Imagineers have promised a never-before-seen experience with SWL, setting the scene for a Cars Land-type experience that takes you out of Disneyland and plops you right in to the Star Wars universe.  To do this right, we’ll be seeing tech that probably hasn’t even been fully baked yet.  The rides will be more thrilling, and the imagineering will be more detailed than ever, which could potentially leave people with a SWL hangover.  Imagine leaving The Millennium Falcon, having just successfully completed your mission.  Exiting the spaceport, you hang a left and run right in … to Dumbo.  Ride mechanics aside, nothing in Disneyland will live up to the (hopefully) exquisite themeing that must happen with SWL, save for maybe Cars Land.  Leaving the spaceport could create a bizarre mix of tech that will be more jarring than anything the park has now.

When I go to Disneyland I am leaving the world behind.  The addition of SWL will serve only to fracture the ecosystem that has been built over the years, and will stick out like a sore thumb.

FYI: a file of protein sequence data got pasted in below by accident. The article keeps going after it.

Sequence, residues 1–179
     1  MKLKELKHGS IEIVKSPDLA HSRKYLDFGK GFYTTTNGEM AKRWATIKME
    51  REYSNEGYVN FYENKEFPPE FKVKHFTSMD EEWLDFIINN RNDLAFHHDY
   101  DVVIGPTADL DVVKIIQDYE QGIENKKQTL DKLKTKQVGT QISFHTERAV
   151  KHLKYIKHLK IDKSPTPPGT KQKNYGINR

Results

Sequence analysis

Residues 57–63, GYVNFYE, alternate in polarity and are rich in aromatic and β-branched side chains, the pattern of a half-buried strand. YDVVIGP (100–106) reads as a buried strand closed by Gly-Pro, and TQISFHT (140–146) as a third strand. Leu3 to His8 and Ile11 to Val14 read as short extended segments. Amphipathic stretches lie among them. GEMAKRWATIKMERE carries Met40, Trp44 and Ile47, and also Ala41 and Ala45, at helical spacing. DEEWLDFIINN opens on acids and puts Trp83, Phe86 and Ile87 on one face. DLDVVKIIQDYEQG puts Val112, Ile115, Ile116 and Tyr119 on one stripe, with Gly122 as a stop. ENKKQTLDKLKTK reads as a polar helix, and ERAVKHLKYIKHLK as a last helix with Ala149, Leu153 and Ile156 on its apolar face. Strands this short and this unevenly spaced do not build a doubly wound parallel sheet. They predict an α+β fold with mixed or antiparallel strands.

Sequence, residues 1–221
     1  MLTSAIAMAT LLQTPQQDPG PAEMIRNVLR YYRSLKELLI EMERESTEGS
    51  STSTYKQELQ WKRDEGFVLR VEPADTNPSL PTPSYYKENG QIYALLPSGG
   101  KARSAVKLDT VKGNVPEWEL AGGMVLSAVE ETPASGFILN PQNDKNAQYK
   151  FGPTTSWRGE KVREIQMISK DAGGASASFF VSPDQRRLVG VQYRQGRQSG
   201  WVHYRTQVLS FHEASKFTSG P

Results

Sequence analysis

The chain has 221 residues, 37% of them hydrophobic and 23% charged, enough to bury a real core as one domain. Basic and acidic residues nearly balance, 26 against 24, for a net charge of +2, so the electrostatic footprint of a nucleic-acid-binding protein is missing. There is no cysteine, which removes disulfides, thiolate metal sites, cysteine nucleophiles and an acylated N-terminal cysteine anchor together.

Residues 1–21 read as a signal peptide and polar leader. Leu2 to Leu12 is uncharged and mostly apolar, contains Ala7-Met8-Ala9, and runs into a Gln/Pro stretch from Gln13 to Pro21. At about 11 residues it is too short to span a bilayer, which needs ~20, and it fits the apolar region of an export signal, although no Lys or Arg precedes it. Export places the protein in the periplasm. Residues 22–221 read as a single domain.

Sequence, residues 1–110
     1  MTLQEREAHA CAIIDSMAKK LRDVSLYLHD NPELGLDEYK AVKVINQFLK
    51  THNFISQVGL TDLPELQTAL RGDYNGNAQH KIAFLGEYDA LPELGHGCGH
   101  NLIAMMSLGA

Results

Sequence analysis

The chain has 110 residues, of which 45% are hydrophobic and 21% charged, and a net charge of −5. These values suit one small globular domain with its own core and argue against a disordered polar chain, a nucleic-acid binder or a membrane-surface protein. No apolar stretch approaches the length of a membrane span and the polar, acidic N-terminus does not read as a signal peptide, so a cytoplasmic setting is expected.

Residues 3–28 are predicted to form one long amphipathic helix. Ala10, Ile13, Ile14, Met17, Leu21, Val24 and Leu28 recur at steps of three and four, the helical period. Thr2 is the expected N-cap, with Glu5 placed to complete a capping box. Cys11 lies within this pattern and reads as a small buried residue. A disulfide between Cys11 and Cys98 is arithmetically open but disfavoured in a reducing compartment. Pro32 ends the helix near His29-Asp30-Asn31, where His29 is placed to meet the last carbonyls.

Concept art for Star Wars Land - 2
Concept art for Star Wars Land – 2
More Crowds, Higher Prices

Look, if you think Disneyland is crowded now, wait until Star Wars lands behind Big Thunder.  The addition of 14 acres of land increases the potential population of the park at any one time.  To put that in perspective, Cars Land added 12 acres to DCA, and look how packed that park has become.  Disney, never one to leave money on the table, will undoubtedly send ticket prices higher to both help pay for the new land, and to keep the stock prices moving forward.  What this will mean for convenience things like Annual Passports remains to be seen, but if they can raise prices and not add anything new to the parks, imagine what’s waiting for us behind those spaceport doors.

Keep Star Wars Land in Walt Disney World – they have the room!  Our little corner of Anaheim should remain the way it is, with Star Tours, Jedi Training, and that’s it.  I mean, with BTR gone, where can we go for a Santa Selfie?

Santa Selfies!
Santa Selfie! Note the Star Wars shirt … foreshadowing!
Do We Really Need This?